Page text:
Marine Mammal Monitoring

Listening for Marine Mammals

A Passive Acoustic Monitoring (PAM) listening array will asses any long term changes in marine mammal behaviors associated with offshore wind development. In collaboration with Cornell University scientists, UMCES will deploy a hydrophone array including Rockhoppers ( detecting large whales and dolphins) and F-PODS (detecting echolocation clicks of dolphins and porpoises ). The arrangement of the array will assist analysts in assessing when and where marine mammals occur in the US Wind development area.

Listening devices


Rockhoppers continuously record sounds underwater, collecting data that will tell us about the presence of the critically endangered North Atlantic right whales, other baleen whales, and bottlenose and common dolphins. Deployment of this technology and related analysis represents a key partnership between UMCES and The Cornell Lab Center for Conservation Bioacoustics. To learn more about the Cornell Lab Center:


F-PODS log detailed information on echolocation clicks of dolphins and porpoises Unlike the Rockhoppers, these devices do not record the entire soundstream of the underwater environment but rather are specific to dolphins and porpoises.

Seasonality of Marine Mammals

Marine mammals can be detected offshore of Maryland year-round. However, specific species can only be found during specific times of the year. These seasonal patterns correlate with migration to and from favored feeding and breeding grounds. Marine mammals found offshore of Maryland include a variety of different dolphin species, the harbor porpoise, and baleen whales.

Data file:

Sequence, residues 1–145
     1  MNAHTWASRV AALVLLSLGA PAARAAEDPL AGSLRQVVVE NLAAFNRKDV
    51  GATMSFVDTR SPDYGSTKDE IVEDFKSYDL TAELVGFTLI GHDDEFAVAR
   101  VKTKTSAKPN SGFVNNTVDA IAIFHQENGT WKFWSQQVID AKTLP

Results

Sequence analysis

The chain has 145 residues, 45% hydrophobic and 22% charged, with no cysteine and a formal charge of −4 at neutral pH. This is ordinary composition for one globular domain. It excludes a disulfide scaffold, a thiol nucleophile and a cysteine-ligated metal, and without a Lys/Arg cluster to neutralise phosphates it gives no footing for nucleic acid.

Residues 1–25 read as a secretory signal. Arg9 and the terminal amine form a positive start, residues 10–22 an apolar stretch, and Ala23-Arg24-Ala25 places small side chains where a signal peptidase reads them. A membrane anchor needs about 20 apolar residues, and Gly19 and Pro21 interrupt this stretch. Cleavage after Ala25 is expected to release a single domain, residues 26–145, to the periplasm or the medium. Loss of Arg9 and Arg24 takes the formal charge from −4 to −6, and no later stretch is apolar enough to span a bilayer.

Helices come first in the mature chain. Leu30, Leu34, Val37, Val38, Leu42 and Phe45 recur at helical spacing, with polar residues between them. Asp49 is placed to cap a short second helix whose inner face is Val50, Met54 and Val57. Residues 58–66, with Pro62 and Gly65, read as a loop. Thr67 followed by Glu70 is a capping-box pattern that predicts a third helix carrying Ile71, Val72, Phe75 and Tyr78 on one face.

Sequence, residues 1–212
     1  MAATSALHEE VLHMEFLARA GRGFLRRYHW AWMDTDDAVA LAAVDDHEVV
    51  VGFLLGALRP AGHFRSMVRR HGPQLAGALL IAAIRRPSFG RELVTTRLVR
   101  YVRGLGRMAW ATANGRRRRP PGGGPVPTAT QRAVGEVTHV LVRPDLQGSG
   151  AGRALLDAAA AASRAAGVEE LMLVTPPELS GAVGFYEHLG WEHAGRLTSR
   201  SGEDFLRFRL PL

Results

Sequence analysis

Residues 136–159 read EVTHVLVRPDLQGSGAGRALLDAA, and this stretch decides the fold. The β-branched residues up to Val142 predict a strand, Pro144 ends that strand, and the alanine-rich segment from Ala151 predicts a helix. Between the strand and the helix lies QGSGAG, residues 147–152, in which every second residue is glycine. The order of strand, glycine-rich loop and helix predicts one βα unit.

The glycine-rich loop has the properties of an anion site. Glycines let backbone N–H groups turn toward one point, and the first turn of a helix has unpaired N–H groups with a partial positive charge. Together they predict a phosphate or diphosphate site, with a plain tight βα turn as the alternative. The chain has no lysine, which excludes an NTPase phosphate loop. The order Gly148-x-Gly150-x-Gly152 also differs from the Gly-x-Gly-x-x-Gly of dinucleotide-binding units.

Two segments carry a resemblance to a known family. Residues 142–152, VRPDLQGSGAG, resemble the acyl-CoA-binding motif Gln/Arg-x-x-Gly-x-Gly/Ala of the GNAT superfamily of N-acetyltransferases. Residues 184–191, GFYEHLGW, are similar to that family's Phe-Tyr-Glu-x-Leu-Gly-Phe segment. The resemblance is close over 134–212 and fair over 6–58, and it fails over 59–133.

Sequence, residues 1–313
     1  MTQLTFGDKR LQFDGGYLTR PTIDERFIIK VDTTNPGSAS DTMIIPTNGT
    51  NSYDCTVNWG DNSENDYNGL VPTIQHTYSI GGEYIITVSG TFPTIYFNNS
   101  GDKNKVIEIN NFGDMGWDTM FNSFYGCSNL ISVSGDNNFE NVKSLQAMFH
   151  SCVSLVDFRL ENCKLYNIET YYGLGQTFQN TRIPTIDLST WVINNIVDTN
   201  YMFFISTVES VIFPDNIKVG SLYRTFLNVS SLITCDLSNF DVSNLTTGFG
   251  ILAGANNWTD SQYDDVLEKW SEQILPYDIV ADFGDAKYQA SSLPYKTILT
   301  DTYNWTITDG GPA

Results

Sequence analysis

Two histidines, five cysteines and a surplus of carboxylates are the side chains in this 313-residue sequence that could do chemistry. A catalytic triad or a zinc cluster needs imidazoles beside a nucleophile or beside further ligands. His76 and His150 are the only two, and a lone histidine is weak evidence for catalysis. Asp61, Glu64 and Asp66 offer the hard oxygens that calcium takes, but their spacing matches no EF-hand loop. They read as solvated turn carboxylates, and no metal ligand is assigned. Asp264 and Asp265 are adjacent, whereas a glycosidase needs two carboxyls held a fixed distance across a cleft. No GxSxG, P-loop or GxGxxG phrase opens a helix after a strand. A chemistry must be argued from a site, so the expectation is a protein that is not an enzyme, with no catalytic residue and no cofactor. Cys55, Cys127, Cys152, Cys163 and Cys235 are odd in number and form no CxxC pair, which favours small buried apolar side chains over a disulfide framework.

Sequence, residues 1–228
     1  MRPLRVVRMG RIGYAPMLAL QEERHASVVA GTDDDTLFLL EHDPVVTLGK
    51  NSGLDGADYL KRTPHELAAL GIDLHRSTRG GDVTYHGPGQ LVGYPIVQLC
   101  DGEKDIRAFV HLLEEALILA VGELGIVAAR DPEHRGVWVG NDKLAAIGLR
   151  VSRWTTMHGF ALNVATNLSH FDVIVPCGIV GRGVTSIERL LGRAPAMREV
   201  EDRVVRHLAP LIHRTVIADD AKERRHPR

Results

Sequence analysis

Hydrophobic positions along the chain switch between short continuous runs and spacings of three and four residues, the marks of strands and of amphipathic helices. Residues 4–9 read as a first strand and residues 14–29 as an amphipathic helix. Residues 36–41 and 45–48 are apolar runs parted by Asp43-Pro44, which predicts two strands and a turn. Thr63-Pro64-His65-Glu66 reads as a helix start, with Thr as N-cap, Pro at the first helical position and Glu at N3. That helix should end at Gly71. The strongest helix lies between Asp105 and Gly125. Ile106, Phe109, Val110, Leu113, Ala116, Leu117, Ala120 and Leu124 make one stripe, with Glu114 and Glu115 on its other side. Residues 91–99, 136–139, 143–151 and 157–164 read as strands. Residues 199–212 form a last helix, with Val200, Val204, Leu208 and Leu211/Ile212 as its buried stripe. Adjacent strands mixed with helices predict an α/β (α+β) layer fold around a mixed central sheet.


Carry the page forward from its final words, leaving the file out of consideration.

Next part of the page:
Sounds of Marine Mammals

Bottlenose Dolphins

Dolphins are a very social vocal species that use many different sounds for a variety of behaviors. Some of the sounds they make include echolocation clicks, buzzes, and whistles. Clicks and buzzes indicate foraging behavior, whereas whistles are used for social communication. Dolphins are known to emit individually-unique whistles called “signature whistles”. These whistles share the identity of an individual with other dolphins and are known to be stable for decades. Identifying signature whistles in audio recordings allows scientists an opportunity to track individuals temporally and spatially, a benefit when one is wondering if the same dolphins are returning to the same area year after year.

This video shows the spectrogram image and audio collected from an underwater recorder in the US Wind energy area. As the vertical bar scrolls across you can see and hear what dolphin clicks and whistles sound like. The repeated pattern of the same whistle is an example of a signature whistle.

Harbor Porpoise

Harbor porpoises are the smallest cetacean being monitored during this study and the most abundant in population size. Their foraging and social communication sounds consist of high frequency click trains.

North Atlantic right whale

North Atlantic right whales are the most endangered species in this study; their current status is critically-endangered with fewer than 340 individuals. The right whale’s presence can be determined in an audio recording by identifying upcall sounds at 200Hz.

Humpback Whale

Humpback whales create a variety of complex sounds. They are most-commonly known for their song patterns (only produced by male singers), however they can also emit social sounds (produced by both males and females). Humpback whales can sing up to 30 minutes at a time before they come up for air. The sequences of sound patterns created by singers are most-commonly used to identify the presence of humpback whales.